US President Barack Obama on Friday enacted legislation to strengthen collaborative cybersecurity research and development efforts between the United States and Israel, one of the congressman involved in drafting the bill said Monday.
The US-Israel Advanced Research Partnership Act of 2016, which had bipartisan support, will expand existing joint research and create a grant for new development.
Reps. John Ratcliffe, R-Texas, and Jim Langevin, D-R.I., introduced the measure after returning from a congressional trip to Israel in July that focused on addressing cybersecurity issues facing both countries, Ratcliffe’s office said in the statement issued Monday. Ratcliffe is chairman of the House Homeland Security subcommittee on cybersecurity, infrastructure protection and security technologies.
Langevin in a statement said cybersecurity is “the national and economic security challenge of our time, and we must use every resource at our disposal to support research, foster innovation, and fortify our cyber defenses. This must include a collaborative approach that allows us to work with our leading partners, like Israel, to develop new technologies for our cyber incident responders.”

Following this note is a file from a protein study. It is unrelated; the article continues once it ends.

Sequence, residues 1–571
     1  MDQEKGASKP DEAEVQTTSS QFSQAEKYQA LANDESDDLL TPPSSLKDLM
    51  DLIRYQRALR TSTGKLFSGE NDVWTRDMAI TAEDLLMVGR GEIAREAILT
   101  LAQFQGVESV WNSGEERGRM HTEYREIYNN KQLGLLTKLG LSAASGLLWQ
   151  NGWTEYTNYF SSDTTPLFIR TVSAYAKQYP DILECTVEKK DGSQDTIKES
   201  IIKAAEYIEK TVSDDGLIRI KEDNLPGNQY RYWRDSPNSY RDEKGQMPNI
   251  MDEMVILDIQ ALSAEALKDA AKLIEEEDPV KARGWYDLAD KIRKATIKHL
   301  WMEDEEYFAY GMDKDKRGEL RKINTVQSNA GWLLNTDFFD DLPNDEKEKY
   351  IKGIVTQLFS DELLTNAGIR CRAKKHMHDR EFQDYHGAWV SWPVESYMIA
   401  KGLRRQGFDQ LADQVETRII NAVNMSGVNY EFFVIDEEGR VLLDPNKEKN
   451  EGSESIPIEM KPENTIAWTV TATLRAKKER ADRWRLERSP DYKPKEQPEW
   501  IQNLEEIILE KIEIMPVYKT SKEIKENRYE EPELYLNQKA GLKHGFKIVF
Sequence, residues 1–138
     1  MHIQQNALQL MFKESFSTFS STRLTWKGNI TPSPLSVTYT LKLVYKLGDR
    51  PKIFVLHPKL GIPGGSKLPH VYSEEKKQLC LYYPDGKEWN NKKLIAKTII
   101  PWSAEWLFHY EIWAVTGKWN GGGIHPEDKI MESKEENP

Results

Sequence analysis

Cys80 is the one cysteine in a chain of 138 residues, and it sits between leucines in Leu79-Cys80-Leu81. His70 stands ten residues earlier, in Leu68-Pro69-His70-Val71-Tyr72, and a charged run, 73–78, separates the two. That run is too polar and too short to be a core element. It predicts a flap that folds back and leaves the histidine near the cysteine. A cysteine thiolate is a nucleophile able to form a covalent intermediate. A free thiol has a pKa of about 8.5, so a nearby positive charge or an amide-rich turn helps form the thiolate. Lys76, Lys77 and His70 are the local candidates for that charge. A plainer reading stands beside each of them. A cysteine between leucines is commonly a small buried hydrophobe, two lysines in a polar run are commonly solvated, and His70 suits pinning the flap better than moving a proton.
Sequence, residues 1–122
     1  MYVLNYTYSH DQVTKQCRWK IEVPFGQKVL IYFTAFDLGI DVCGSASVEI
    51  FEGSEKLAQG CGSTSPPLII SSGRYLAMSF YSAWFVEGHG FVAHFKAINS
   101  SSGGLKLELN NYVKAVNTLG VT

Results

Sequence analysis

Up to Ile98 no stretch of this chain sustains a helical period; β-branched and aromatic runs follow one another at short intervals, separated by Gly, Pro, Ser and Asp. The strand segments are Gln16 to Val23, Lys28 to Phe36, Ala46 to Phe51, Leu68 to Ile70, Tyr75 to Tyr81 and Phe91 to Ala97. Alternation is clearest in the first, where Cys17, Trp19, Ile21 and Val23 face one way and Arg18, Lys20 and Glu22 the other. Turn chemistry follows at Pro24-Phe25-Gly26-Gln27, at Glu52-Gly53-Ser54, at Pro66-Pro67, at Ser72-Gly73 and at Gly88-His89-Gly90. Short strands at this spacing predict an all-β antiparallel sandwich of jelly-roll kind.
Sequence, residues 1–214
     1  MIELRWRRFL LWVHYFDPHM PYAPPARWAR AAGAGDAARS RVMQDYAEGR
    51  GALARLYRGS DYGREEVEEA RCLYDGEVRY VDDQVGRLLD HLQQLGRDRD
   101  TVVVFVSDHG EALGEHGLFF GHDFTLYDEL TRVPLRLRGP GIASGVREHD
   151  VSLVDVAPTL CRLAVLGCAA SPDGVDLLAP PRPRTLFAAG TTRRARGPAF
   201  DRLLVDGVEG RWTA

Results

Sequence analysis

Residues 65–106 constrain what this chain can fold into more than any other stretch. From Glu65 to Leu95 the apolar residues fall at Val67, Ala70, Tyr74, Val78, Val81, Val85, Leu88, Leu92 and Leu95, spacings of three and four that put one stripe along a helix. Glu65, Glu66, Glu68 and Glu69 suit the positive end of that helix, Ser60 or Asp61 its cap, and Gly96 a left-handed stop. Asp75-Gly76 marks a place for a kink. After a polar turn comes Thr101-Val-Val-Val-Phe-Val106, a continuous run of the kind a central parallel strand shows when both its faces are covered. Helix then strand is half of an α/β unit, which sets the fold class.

The lawmakers said their meetings with top Israeli officials, including Prime Minister Benjamin Netanyahu and then-defense minister Moshe Yaalon, laid a critical foundation for their US-Israel cybersecurity legislation.
“(O)ur discussions with Israeli national security and cybersecurity leaders revealed the immense wealth of untapped potential we can leverage together to collectively vamp up our efforts to combat growing cyber threats,” Ratcliffe said in the statement. “We are extremely grateful for the opportunity to work more closely with a country that’s a proven pioneer in cyber science and a top leader in cyber expertise.”